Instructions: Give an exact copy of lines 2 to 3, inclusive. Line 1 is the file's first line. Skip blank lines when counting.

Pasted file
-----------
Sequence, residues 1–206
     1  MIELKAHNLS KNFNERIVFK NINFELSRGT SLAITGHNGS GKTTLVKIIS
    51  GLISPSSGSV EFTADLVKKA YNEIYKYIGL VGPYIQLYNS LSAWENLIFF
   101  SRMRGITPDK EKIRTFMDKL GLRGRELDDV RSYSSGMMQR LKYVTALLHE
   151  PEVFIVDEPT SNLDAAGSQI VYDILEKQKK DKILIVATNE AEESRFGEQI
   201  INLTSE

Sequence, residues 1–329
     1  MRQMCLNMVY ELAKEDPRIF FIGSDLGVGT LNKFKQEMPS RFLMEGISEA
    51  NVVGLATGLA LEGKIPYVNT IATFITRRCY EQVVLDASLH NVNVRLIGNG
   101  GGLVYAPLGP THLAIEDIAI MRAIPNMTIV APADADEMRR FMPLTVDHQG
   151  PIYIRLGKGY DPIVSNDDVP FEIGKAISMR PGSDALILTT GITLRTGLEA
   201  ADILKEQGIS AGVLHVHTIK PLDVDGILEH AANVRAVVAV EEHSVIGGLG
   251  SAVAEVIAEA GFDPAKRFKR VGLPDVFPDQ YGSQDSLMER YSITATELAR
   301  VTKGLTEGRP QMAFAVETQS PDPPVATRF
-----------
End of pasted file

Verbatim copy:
     1  MIELKAHNLS KNFNERIVFK NINFELSRGT SLAITGHNGS GKTTLVKIIS
    51  GLISPSSGSV EFTADLVKKA YNEIYKYIGL VGPYIQLYNS LSAWENLIFF